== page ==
Cave days and colourways

It’s not often we have a day of weather so terrible here that we can’t spend at least a good portion of it outside, but this week has thrown us more than one such to contend with. Thick sulking ribbons of cloud have streamed in from the coast, riding the kind of gusts that send confused crows skittering sideways across the bruised sky. The mountains melt away as the valley is enveloped in rain, each violent squall hammering out its persistent percussion on the roof and hurling raindrops at the windows like fistsful of pebbles.

I always think of these downpours as brutally cleansing; they are not gentle dampenings, soft refreshings or joyful waterings but storms that scour and scrub viciously at the landscape, cascading in curtains from gable ends, filling the river with a menacing voice and casting mirrored puddles in the iron-rich soil of the empty maize fields. In nooks and crannies around the windswept garden, the mounds of tumbled, jumbled leaves tell their own forlorn story.

Confined indoors, I’m happy to potter away at household chores for a while at least but, inevitably, the fidgeting begins once realisation dawns that there will be no outside activity in the fresh air I love and crave; I’ll always consider pulling on waterproofs and setting off through the woods with a brolly but when thunder rumbles its throaty complaints above and blasts of icy hail hammer down, even I have to admit defeat. To things woolly, then. I set a pile of Merino to simmer in a dyepot of dried French marigold flowers, worked a few more rounds of a Scrappy Sock, plied a skein of Jacobs on the spinning wheel. Fidget. Sigh. I balled a skein of walnut-dyed Merino and tussah silk and launched into a new project: this was more like it. I love this yarn, the subtle blend of soft, autumnal colours and silk running through in sleek twists and ripples.

No surprise that I’ve chickened out of lace knitting and opted for crochet instead, a simple narrow scarf using a picot trellis stitch. The yarn is beautifully elastic so should stretch cooperatively with blocking and, depending on yardage, I might work something a little more elaborate at each end. I realised this would the perfect project to tuck into my bag on our travels next week . . . which meant not getting too carried away with it now.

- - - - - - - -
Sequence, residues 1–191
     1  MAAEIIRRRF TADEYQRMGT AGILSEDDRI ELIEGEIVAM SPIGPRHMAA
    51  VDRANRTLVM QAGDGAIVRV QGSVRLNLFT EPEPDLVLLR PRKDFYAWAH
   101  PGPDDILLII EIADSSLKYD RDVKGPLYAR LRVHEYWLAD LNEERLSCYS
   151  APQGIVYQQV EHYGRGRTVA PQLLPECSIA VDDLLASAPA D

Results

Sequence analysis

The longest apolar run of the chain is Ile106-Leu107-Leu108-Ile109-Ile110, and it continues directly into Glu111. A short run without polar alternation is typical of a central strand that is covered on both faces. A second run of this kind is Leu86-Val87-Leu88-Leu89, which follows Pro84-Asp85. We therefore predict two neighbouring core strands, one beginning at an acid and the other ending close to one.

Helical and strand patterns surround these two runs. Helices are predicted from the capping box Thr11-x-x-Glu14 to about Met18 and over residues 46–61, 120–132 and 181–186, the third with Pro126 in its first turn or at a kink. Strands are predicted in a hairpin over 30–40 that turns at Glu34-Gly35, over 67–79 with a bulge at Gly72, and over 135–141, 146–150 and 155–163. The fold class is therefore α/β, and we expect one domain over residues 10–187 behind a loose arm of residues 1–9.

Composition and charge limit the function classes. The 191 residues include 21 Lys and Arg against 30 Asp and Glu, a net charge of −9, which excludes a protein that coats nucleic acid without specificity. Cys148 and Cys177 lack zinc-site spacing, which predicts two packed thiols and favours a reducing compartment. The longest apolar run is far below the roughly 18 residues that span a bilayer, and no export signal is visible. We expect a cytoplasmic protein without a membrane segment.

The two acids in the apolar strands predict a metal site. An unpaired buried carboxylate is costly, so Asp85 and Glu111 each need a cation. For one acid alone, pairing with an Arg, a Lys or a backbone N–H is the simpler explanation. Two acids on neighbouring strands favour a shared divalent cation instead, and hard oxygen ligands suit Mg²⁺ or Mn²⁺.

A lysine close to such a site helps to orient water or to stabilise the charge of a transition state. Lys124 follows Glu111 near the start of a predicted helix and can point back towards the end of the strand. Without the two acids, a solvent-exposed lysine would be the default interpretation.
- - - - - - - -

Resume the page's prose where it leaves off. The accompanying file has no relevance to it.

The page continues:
A quick digression into the world of books. Roger and I are both avid readers and English language books are like gold dust to us, being in short supply locally. Rummaging about in the dwindling pile we bought from UK charity shops earlier this year, I came across Sea Room by Adam Nicolson, something I’d picked up in a hurry, hoping the mention of half a million puffins on the front cover might make it readable. What a gem of a read it has turned out to be, a colourful mix of geography, geology, history, linguistics, culture, character, spirituality, wildlife and nature expertly woven into a rich tapestry of descriptive language. I don’t want to put it down. I don’t want to finish it.

So, in my ‘searching for something interesting to do with wool because it’s raining’ mode, a couple of totally unconnected passages from the book wormed their way into my consciousness. The first, a description of how the daughters of the Campbell family – the only resident household on the Shiant Islands at the end of the nineteenth century – spent the long, dark winters knitting woollen socks to sell or give away to welcome summer visitors. As shepherd’s daughters, I suspect there was nothing about wool they didn’t know, the entire act of processing fleece from sheep to sock coming as second nature. The second, an intriguing journey through language, the twists and turns and textures of Gaelic and Norse, as complex and changing and knotted as any cabled pattern, revealing that the Isle of Man had once been called Ellan Shiant, the Holy Isle. Well, I suddenly recalled that somehere – where? – I had some raw Manx Loaghtan fleece, that ancient and endangered breed of sheep from the Isle of Man, descended from primitive ancestors which once roamed the Scottish islands. Serendipity? Time to get down to the full sheep experience.

This Manx Loaghtan was my first (and to date, last!) experience of dealing with a whole, raw fleece and I’m not sure I made a very great job of it. The fleece itself was beautiful, a shearling cut with soft brown underwool and golden tips; the breeder suggested I spin straight from the fleece to preserve the integrity of the different colours and through various painful learning curves, I managed to spin enough wool to make a rather curious looking (but subsequently much-loved) knitted teddy bear for Ben. Through a process of elimination, I deduced that the remaining fleece must be lurking in the dark and mysterious depths of Roger’s Man Cave, so whilst hunting it out I cadged a few rusty nails from the cave dweller himself which are now steeping in a jar of vinegar and water to make an iron mordant for future dyeing projects. Back in the house with the fleece and it was time to sort, tease, card, make fluffy rolags and -panic stations!- start some long draw spinning.